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Chaco Canyon area must be protected from fracking

Great news came recently for New Mexicans who prefer their public lands unfettered by oil and gas development – the Bureau of Land Management announced that it will delay an oil and gas lease in New Mexico until it can assess the potential damage to the surrounding area.

New Mexico’s San Juan Basin is being fast-tracked by the BLM for drilling and fracking, and parcels near Chaco Canyon and Santa Fe National Forests are next in line. But thanks to public pressure, the BLM is slowing down the process, at least until it can gather public input.

Now, those concerned about the environmental, public health and economic effects of fracking have until fall 2015 to tell the BLM to abandon its ill-advised plans to frack this treasured area.

New Mexico’s public lands and the plants, wildlife and people who rely on them deserve protection from oil and gas industry exploitation. Chaco Canyon is one of only 20 World Heritage sites in the United States, designated in 1987 by the United Nations Educational, Scientific and Cultural Organization. Between 850 and 1250 AD, Chaco was the ancestral home of the Pueblo peoples and stands as testimony to organizational and engineering abilities seen nowhere else in the American Southwest. We clearly cannot allow the oil and gas industry to destroy this legacy.

Chaco Canyon is a special place to me personally. I have spent many wonderful days there with family and friends and the canyon continues to be our most treasured destination. Every visit to this beautiful and spiritual place offers something special and unique. Fracking in the vicinity of Chaco Canyon would be a devastating loss to indigenous people, and to families like mine who have had the privilege of experiencing the ruins, wildlife, and the night sky, and of connecting with people who visit from all around the globe.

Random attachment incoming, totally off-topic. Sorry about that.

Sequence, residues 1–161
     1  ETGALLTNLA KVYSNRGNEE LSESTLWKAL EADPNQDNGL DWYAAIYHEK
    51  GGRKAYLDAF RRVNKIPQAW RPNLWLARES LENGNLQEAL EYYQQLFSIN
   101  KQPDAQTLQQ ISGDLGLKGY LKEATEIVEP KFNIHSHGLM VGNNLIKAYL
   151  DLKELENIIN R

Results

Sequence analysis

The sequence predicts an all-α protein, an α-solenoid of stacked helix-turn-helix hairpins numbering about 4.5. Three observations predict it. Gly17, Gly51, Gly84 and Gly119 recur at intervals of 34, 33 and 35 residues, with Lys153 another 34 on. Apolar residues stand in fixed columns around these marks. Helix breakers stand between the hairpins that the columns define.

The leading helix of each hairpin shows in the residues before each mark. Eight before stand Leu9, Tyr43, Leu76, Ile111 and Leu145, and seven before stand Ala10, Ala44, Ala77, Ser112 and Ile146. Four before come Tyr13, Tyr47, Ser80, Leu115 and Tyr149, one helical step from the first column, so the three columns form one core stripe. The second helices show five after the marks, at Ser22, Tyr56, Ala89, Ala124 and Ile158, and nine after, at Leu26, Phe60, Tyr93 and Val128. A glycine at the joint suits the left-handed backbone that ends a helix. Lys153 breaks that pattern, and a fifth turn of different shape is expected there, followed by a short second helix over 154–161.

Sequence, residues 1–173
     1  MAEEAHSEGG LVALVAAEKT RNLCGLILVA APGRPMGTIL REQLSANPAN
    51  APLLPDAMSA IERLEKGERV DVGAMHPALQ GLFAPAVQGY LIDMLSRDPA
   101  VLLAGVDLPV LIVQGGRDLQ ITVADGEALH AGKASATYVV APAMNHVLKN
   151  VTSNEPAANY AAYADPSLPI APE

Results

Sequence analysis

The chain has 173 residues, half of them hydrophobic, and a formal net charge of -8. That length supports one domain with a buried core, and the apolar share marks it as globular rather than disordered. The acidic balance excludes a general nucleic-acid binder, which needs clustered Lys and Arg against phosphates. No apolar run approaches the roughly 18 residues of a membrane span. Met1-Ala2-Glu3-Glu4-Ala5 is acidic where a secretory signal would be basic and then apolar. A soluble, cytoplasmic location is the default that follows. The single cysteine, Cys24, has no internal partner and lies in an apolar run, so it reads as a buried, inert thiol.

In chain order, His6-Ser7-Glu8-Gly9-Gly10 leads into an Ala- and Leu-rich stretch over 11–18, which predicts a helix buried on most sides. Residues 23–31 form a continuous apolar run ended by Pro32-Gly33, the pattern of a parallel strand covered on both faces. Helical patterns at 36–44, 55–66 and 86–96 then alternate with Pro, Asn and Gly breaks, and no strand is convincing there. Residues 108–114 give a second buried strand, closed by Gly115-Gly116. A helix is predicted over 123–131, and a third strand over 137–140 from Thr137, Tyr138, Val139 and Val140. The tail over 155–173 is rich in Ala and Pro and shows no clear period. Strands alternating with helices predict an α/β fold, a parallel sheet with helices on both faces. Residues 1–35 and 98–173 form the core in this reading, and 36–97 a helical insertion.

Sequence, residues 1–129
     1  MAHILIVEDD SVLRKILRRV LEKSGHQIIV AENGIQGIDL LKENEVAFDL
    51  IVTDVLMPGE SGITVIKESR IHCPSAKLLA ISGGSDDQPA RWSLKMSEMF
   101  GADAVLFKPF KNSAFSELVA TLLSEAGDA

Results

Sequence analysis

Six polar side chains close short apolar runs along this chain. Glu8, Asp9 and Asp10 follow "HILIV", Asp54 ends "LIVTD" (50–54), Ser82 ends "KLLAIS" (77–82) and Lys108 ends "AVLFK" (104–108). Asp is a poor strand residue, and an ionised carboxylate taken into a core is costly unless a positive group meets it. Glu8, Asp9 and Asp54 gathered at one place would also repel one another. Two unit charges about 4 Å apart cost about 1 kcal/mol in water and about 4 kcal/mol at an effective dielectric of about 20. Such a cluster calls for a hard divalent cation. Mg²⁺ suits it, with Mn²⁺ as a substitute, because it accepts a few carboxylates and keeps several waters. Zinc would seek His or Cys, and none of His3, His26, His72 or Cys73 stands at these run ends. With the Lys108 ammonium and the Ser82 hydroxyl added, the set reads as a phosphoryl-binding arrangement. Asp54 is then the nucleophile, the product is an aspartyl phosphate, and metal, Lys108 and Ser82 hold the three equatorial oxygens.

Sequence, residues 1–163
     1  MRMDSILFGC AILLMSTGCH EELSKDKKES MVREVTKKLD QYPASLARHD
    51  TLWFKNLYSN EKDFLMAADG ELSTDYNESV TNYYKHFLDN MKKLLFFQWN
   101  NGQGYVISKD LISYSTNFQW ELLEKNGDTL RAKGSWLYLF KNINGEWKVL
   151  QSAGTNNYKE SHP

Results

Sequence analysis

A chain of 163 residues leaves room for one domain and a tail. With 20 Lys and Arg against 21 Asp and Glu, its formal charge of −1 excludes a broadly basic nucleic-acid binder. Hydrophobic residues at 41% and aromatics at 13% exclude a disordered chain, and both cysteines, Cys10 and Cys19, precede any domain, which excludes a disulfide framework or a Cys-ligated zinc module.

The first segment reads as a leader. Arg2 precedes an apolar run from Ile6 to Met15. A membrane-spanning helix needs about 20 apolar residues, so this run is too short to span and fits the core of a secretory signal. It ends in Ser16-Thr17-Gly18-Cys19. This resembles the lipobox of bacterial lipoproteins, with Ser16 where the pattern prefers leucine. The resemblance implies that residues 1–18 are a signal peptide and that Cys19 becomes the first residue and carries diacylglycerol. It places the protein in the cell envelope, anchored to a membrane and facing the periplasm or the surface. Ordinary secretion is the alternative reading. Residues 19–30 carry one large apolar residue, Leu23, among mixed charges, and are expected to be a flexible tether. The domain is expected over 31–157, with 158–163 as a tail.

More than ever, the debate over fracking in New Mexico reinforces what we’ve known all along: regulations alone won’t protect us from the effects of this dangerous oil extraction method. We need to ban it altogether, and doing so on public lands should be an urgent priority.

In December, U.S. Reps. Mark Pocan, D-Wisc., and Jan Schakowsky, D-Ill., introduced legislation to do just that. The Protect Our Public Lands Act is the strongest bill against fracking introduced in the U.S. Congress to date.

New Mexicans who wish to protect Chaco Canyon and other public lands would do well to take a few moments to contact our representatives in Congress to let them know how much Chaco Canyon matters and that we are counting on them to protect this extra-special local, national and international treasure by supporting H.R. 5844.

Meanwhile, Chaco Canyon faces another oil and gas industry threat: a Denver-based corporation wants to build a 130-mile long pipeline to transport 50,000 gallons of crude oil per day dangerously close to our precious park, spanning Navajo, private, state and federal land.

Leaks and spills from such pipelines are common – such a breech last weekend spilled more than 50,000 gallons of oil into the Yellowstone River. We cannot afford to risk contaminating what little water is available.

The BLM is reviewing the proposal for this pipeline and accepting comments from the public. The deadline to comment is Friday and comments may be submitted by email to We need to make it clear that the people of New Mexico do not want to see a pipeline that could cause terrible damage to Chaco Canyon.

Chaco Canyon belongs to all of us: let’s work together to preserve it for generations to come.